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Online entrepreneurs cash in on “People’s Plaque”

Maya Taylor

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Online entrepreneurs cash in on “People’s Plaque” | The Thaiger
PHOTO: ProgressiveMovementPNA / Facebook
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After the removal of a commemorative plaque hours after it was installed by anti-government protesters, pro-democracy messaging has found a new home, now appearing on a range of merchandise. Products that bear the plaque’s wording, alongside a graphic of the 3-fingered salute adopted by protesters, are now being sold online by canny entrepreneurs.

Those who support the pro-democracy movement can now purchase a range of products allowing them to advertise their political stance. A report in Coconuts says buyers may want to consider a key ring for 112 baht, or a smartphone cover for 199 baht. T-shirts are available from 300 baht, as well as baseball caps in a variety of colours.

Meanwhile, in the south of the country, where surfers may find current seasonal conditions favourable, the Phang Nga Progressive Movement is selling surfboards for around 20,000 baht. The marketing blurb for the 8 foot boards encourages surfers to “feel freedom on the waves, practice surfing over dictatorship”.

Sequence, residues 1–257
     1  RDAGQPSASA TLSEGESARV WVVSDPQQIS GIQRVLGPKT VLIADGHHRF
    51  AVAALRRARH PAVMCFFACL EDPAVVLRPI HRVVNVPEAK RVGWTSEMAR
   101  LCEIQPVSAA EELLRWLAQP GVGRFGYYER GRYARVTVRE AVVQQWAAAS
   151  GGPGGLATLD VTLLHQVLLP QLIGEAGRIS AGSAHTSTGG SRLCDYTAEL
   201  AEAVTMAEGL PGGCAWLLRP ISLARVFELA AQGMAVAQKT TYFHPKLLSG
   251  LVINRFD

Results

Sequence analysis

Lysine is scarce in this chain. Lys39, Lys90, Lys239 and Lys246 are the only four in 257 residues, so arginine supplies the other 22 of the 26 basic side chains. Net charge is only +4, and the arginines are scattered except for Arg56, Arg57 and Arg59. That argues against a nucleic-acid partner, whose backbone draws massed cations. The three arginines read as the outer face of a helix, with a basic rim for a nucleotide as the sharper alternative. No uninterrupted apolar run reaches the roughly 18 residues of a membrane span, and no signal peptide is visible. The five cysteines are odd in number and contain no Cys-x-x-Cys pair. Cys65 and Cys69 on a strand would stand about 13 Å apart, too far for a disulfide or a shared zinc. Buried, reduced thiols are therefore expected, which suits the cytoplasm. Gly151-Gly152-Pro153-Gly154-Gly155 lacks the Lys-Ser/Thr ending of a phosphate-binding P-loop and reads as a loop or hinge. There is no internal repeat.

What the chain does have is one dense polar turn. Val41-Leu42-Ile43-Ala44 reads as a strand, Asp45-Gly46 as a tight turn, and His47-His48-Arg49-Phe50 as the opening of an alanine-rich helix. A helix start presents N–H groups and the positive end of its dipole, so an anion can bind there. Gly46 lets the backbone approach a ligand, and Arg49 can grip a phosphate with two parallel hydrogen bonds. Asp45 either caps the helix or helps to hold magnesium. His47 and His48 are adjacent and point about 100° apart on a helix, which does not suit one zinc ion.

On Sunday, protest leaders installed the People’s Plaque in Sanam Luang, next to the Grand Palace. Its wording translates as, “At this place the people have expressed their will, that this country belongs to the people and is not the property of the monarch as they have deceived us.”

Just hours after its installation, the plaque was pulled out of the ground, with protesters facing charges for having installed it at a registered historical site without permission. While the messaging is now getting out through other channels, it’s not clear if pro-democracy groups will benefit in any way from the sale of merchandise.

SOURCE: Coconuts

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Protests

Thousands of protesters descend on the German Embassy in Bangkok awaiting to submit their petition

The Thaiger